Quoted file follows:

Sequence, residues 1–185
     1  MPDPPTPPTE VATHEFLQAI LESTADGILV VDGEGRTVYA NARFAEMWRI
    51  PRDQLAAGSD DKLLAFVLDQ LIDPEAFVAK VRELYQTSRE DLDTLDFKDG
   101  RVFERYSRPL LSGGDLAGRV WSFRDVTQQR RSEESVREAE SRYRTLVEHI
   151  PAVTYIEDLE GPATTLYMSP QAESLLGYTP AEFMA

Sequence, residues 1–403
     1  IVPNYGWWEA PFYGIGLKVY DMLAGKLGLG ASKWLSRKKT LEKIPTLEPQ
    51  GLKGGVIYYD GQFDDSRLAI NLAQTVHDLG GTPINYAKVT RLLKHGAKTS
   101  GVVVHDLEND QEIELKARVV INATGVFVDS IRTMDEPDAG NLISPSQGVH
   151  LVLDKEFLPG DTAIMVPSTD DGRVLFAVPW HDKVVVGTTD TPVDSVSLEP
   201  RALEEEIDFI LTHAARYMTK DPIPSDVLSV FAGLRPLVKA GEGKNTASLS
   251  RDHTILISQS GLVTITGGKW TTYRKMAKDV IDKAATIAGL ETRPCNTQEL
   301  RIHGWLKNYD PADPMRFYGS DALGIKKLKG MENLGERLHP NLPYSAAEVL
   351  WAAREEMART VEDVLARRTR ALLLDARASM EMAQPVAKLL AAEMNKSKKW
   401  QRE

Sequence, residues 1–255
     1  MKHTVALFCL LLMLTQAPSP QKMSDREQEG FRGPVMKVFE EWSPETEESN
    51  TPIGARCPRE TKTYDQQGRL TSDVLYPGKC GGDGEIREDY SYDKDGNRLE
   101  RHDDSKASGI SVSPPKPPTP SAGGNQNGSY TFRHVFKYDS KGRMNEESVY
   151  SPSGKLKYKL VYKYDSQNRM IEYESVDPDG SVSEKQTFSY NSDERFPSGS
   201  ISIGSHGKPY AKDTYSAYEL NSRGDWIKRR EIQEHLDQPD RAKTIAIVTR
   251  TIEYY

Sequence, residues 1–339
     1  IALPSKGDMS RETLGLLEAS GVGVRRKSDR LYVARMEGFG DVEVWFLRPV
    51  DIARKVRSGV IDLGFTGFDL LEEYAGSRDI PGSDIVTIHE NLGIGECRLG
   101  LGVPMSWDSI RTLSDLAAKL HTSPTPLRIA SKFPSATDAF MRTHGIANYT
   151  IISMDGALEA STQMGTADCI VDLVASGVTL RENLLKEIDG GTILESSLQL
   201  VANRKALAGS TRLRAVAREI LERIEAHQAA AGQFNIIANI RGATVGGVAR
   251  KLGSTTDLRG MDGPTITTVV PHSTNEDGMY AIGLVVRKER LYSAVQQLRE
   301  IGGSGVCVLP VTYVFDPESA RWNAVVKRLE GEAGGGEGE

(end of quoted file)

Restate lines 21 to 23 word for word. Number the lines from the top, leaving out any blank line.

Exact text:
   201  ISIGSHGKPY AKDTYSAYEL NSRGDWIKRR EIQEHLDQPD RAKTIAIVTR
   251  TIEYY

Sequence, residues 1–339